A key government advisory committee on economic questions has warned that a rise in the retirement age is inevitable in the long-term.
In a report released on Thursday, it said that the falling birth rate and increased life expectancy meant that the "dogma" of pensions at age 65 would have to be abandoned.
Committee president Gebhard Kirchgässner, a professor at St Gallen University, said that population changes were "dramatic".
The low birth rate and rising life expectancy meant that there was a growing discrepancy between the numbers of workers and pensioners, he explained.
In 2000 for every ten people in employment between the ages of 20 and 64, there were 3.4 pensioners. By 2030 the ratio is expected to be 10:5.5 or 10:6.
A solution, said the committee, is to increase the retirement age in the long-term and to allow more older people to work part-time.
Early retirement would still be allowed in certain professions, including those with high levels physical exertion, such as construction.
But extra measures are still needed to shore up the pension system, said the experts. These funds could come from increasing the Value Added Tax rate or from creating a national inheritance tax.
They added that pensions funds also needed a financial overhaul to ensure that they were in good health for the future.
The committee, which is made up of economics professors, parliamentarians and business figures, also recommended more measures to help women combine careers and families.
These included improving the childcare offer and coordinating school hours – which currently vary depending on the age of the child – to allow both parents to work at least part-time.
The aim is to encourage more women into the workplace while increasing the birth rate, said the committee. At present, 40 per cent of women with a higher education have no children. Overall the birth rate stands at 1.4 per woman in Switzerland.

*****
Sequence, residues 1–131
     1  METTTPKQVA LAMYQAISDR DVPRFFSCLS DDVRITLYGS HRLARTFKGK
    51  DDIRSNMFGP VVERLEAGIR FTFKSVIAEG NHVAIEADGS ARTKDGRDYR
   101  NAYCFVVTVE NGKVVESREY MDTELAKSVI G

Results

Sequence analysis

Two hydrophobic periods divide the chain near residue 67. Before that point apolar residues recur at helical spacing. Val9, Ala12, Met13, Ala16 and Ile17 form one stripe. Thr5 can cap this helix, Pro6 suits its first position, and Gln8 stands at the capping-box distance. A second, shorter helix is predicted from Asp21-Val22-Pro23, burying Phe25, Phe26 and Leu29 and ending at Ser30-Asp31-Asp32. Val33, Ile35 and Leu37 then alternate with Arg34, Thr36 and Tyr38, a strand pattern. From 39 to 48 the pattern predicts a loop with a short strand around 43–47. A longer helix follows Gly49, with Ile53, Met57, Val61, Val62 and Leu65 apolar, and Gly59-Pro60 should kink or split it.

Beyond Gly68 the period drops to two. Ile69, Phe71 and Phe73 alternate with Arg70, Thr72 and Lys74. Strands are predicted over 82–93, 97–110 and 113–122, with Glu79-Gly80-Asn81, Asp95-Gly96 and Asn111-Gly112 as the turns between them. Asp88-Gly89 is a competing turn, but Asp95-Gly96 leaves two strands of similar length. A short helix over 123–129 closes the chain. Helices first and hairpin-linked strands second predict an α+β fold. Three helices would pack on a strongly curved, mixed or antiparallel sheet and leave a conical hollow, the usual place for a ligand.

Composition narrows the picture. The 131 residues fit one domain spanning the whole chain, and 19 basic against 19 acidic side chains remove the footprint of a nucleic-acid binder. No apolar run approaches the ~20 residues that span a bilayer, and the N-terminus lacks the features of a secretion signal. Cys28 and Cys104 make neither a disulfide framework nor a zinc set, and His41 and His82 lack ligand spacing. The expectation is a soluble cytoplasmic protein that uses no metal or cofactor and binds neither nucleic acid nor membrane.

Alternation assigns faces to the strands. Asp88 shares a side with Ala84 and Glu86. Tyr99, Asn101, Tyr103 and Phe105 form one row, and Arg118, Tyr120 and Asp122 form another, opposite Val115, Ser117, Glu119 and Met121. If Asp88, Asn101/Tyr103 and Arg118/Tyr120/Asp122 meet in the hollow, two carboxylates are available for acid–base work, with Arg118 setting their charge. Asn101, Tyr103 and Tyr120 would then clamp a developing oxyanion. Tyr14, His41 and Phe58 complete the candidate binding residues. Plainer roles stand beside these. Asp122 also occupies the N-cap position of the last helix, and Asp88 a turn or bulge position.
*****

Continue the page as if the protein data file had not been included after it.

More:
However, the committee ruled out encouraging more migrant workers to the country, mainly for political reasons.
Moves to increase the retirement age have so far been controversial. Swiss Interior Minister Pascal Couchepin has in the past proposed delaying the retirement age to 67, but the suggestion was not welcomed by unions.
Switzerland's association of small and medium-sized enterprises has also argued for later retirement, at 67.
The Swiss Employers' Association has called for the retirement age to be raised to 66 by 2013, to cover pension costs and spur economic growth.
swissinfo with agencies
Old-age and survivors' insurance is the cornerstone of the Swiss social insurance system. It is two-fold.
Old-age pensions should enable their beneficiaries to retire with financial autonomy.
Survivors' pensions aim to ensure that families already burdened by the death of a close family member are spared financial hardship.
According to the advisory committee's annual report, the retirement age, currently 65 years, should be increased in the long-term.
The population is changing with more pensioners in relation to the number of people in employment - meaning an overburdened pensions system.